Contrary to popular understanding, the Buddha did not teach "going with the flow." That's pretty much what we always already do. He taught viriya-vada, the way of effort going against the flow.
Evolutionary biology made us this way: we either shrink away from or push away that which hurts; we try to hold on to and repeat that which feels good; and we ignore the rest. We have evolved, shaped by natural selection, with mechanisms that help us navigate through a world filled with danger. Natural emotions such as anger, fear, and shame keep us safe from harm; joy, pleasure, and curious interest support survival of us as individuals and as a species. What could be more straight-forward? Approach things that feel good; move away from things that hurt; ignore the rest. From amoebas to humans, such mechanisms are found throughout nature.
Over time however, most of the dangers that our ancestors had to contend with have ceased being relevant to us. Especially those of us living in privileged cultures, the survival function of “negative” emotions is mostly obsolete. It’s too hot, we put on the air conditioner; too cold, turn up the heat. Thirsty? Turn on the tap. Hungry? The supermarket is just a comfy drive in the car away, stocked with mountains of food. We no longer have to worry about being invaded by a rival clan or attacked while out hunting by a saber-toothed tiger.
Given this cultural shift, we have come to see any and all “threat-oriented” emotions as bad. We are indoctrinated by our religions, political ideologies, and much of the new-age thinking permeating contemporary yoga to believe that feeling unpleasant is bad. We see this in the contemporary yoga world, constantly emphasizing the “feel-good” gospel that all is – or should be – shri! The wellness industry, and so-called “alternative medicine,” preaches that the natural order of life and the human body is “wellness” and that if we lived in harmony with this “natural order” we would never feel ill. Of course, this disregards the truth I’ve written about elsewhere that the reality is that inter-body conflict is not confined to pathological conditions or simply some kind of mistake, but part of how the body conducts its normal business. For instance, microphages, the “big eaters” of the immune system actually abet the metastases of cancerous cells, and the body’s own immune cells have also been implicated in the development of coronary heart disease. The implicit, and often explicit, message we are bombarded with today is that we should always feel good, comfortable and free from adversity. Indeed, many of us only feel shame when that is not how we are feeling!
Those of us practicing buddhadharma are encouraged to go against the stream of our conditioning: the social, political, cultural, and even biological conditioning that tells us feeling bad is always bad and should always be avoided and resisted. Now, I am not saying that if you inadvertently place your hand on a hot stove you should resist the reaction of pulling your hand away. But most of the situations in which we find “negative” emotions arising are less life-threatening than ego-threatening: someone says something that hurts our feelings, or we’re stuck in traffic on the way to an important meeting, or we wake with a painful headache, or we can’t seem to fall asleep… etc.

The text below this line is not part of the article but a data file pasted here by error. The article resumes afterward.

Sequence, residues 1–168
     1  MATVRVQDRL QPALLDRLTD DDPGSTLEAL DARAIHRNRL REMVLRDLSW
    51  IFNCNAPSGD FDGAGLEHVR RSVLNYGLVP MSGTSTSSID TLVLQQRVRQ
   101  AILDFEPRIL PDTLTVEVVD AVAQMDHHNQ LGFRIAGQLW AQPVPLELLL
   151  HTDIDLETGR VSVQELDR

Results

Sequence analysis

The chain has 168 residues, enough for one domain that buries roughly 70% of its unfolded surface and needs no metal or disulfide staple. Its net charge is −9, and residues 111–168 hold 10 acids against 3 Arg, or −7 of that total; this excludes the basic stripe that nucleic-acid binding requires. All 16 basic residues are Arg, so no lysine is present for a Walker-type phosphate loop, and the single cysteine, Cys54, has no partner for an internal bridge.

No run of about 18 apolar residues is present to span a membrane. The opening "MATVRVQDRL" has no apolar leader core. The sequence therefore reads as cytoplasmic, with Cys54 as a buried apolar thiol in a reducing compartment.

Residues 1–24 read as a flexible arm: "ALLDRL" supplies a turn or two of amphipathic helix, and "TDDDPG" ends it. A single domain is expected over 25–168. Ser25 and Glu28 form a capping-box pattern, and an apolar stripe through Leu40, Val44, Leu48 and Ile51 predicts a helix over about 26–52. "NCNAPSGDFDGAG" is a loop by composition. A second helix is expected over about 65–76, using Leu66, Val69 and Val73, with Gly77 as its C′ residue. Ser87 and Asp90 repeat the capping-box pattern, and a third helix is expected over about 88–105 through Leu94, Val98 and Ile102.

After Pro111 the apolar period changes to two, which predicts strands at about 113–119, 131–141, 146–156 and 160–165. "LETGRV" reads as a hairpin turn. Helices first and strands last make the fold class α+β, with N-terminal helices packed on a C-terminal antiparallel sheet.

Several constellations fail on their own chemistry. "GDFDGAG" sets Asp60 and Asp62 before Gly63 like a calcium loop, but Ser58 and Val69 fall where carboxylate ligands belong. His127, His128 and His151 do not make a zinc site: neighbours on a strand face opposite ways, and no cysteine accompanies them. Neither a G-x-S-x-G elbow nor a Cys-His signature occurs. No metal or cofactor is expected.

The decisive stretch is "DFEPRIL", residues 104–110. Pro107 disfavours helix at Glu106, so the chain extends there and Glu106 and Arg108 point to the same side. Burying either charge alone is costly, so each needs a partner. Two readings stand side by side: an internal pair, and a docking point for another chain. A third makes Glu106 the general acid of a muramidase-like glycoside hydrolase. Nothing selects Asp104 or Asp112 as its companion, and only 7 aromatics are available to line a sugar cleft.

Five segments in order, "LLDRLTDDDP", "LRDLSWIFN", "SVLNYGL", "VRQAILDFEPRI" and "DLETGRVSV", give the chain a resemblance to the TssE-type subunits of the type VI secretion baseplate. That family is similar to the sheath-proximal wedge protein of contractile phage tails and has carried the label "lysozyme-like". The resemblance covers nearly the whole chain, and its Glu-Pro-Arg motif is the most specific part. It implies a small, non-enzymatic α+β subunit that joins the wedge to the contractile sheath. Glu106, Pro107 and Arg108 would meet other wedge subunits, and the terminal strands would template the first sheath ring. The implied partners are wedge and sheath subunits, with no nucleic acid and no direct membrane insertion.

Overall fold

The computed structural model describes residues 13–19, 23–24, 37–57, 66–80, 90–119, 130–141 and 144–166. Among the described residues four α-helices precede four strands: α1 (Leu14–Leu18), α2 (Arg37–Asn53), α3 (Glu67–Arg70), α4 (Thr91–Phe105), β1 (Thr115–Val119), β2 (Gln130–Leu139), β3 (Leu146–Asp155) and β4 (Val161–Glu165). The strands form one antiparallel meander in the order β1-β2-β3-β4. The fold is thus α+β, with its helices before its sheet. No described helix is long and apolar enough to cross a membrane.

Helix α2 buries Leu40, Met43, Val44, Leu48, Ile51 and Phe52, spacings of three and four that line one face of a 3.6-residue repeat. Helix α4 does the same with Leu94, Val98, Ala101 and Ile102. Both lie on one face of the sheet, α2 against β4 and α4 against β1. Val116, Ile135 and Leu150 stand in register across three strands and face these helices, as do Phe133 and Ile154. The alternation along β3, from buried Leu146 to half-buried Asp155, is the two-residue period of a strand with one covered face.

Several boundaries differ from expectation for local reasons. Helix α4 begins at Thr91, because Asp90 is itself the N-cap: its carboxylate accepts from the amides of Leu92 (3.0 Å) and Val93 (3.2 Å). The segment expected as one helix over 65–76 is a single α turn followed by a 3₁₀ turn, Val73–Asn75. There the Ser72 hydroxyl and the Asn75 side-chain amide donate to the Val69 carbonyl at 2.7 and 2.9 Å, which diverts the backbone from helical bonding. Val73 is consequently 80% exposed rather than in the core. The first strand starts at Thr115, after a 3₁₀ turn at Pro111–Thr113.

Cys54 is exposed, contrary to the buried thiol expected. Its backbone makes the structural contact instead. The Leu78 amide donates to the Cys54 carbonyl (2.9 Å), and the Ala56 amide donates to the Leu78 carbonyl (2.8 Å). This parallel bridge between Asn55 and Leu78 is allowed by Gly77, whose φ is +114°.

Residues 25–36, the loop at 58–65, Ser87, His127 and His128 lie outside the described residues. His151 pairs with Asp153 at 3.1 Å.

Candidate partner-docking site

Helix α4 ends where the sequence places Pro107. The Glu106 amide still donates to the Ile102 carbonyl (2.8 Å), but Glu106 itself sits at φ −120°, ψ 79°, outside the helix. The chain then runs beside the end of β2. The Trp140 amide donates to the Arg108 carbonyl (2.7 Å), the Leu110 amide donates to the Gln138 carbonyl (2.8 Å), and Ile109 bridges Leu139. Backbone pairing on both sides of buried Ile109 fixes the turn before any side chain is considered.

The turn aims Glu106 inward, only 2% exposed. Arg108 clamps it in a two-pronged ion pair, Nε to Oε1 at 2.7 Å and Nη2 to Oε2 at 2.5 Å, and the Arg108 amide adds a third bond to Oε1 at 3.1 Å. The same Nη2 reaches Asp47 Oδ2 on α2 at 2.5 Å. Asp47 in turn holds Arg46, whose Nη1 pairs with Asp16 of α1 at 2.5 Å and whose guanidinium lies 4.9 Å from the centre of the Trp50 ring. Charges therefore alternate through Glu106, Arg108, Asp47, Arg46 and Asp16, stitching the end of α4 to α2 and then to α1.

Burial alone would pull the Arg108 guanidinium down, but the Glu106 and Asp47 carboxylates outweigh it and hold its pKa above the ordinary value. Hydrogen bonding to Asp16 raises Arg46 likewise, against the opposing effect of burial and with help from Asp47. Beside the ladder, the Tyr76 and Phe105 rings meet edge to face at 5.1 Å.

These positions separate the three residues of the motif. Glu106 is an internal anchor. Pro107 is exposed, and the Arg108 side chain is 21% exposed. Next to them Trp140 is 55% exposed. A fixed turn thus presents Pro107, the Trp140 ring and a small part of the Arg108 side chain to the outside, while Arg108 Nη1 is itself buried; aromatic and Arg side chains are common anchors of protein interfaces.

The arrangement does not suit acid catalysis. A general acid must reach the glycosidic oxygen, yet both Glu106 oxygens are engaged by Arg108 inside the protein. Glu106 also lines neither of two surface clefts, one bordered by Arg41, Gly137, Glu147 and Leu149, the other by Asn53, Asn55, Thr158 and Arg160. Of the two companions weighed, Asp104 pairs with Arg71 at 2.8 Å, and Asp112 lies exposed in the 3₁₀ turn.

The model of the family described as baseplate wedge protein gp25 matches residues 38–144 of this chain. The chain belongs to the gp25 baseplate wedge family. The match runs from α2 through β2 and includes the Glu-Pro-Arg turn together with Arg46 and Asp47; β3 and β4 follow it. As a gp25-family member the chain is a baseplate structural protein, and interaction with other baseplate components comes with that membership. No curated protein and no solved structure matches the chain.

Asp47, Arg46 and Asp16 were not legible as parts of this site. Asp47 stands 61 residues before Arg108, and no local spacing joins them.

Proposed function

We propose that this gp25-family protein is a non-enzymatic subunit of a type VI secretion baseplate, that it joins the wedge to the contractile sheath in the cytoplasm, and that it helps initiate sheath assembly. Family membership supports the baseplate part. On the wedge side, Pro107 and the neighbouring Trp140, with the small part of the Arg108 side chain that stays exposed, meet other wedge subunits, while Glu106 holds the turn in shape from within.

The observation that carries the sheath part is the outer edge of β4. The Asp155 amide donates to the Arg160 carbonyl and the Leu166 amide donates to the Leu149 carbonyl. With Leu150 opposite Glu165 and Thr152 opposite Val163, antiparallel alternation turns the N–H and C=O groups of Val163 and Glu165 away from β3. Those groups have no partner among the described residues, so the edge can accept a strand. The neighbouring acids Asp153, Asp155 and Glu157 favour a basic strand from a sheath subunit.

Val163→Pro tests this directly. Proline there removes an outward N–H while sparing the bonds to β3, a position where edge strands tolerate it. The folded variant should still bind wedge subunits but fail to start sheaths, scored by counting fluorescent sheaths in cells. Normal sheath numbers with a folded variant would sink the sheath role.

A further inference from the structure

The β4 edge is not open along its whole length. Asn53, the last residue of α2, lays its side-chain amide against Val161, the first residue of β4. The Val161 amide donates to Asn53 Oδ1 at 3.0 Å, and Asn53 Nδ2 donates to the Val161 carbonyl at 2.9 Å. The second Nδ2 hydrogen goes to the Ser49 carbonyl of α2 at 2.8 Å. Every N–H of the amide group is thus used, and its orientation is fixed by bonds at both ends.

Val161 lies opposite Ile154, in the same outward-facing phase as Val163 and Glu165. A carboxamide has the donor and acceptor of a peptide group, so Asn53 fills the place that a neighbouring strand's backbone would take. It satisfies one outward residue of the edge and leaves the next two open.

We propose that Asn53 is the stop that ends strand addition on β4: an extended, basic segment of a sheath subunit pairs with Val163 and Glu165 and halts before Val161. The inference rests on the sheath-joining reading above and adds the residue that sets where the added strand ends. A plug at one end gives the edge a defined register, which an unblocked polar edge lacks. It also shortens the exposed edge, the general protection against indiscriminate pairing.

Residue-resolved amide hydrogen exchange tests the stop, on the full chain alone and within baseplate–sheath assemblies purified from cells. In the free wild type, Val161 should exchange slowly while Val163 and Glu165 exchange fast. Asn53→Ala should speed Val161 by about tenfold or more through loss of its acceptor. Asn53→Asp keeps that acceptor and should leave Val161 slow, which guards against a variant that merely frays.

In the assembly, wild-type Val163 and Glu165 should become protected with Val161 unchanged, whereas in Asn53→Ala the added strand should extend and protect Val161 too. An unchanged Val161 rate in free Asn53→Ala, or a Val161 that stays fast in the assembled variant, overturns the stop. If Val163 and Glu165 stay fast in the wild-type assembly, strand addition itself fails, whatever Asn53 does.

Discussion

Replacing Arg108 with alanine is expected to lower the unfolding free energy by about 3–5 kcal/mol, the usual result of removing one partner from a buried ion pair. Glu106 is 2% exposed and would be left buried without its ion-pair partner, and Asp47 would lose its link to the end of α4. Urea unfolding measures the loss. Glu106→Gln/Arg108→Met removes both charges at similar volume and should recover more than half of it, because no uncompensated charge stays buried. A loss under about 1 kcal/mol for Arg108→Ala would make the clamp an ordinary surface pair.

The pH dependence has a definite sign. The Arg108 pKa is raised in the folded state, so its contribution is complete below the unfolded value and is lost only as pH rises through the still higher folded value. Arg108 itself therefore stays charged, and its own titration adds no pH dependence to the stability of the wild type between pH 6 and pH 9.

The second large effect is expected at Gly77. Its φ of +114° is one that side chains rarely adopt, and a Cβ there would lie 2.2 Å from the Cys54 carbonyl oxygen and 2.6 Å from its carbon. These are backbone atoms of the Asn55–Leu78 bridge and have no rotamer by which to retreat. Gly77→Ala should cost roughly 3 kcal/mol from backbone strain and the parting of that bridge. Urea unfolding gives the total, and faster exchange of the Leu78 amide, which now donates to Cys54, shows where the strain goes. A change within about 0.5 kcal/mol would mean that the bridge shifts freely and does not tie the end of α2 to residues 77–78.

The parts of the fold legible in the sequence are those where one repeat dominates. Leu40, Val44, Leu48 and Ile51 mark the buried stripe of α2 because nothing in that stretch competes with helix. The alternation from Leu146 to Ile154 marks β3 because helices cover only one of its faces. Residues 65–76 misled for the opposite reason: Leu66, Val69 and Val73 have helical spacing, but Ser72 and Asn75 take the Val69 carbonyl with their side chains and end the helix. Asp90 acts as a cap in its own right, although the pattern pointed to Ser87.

In most of these life situations, such adversity need not ruin our whole day. With mindfulness, we can learn to contain our natural reactivity and choose to respond differently. We can cultivate the insight into the true nature of such experiences and accept them as they are without adding what the Buddha called the “second arrow.” Adversity that is not truly life-threatening or does not lead to enduring harm can be opened to as the nature of “just this” experience happening now. We can learn to see such experiences not as an indictment against our life but as an experience of solidarity with all life itself.
Frankly, even with those experiences of adversity that are more enduring, we can contain our natural reactivity and respond with interested curiosity, compassion and relative calm. When I was diagnosed with prostate cancer, I felt that initial pull-back and saw the rabbit-hole of self-pity open up before me. Thankfully, through the teachings I received from my teachers and the support I felt from my practice and several wise, compassionate friends, I was able to re-orient myself rather quickly to the reality and embrace this experience as “my life.” Bringing mindful attention to “just this,” I felt my heart open to myself as well as others in yet another deeper way, touching upon a well-spring of love, empathy, and compassion.
For instance, I was offered a medicine to deal with the intense hot flashes I was experiencing but I chose to open to this curious experience and felt a deep and nourishing solidarity, empathy, and understanding for women in menopause. Yes, this is a rather simple and mundane thing, but still a heart-opening I’d have turned away from if I had turned away from the discomfort of the hot flashes.
When duhkha is misunderstood as “suffering” and something to be eliminated, we create the impossible situation of trying to live in such a way that we avoid all pain and discomfort. But this is already what we are doing! When duhkha is understood as the typical afflictions and adversities of living, we see a path open to changing how we related to such adversity: we can learn to feel the discomfort, not get swept away by our conditioned reactivity attempting to pull away from it like an amoeba, but rather contain that reactivity, and seeing the true nature of the experience, choose a more skillful and appropriate way to respond. This is the noble path of awakening available to humanity.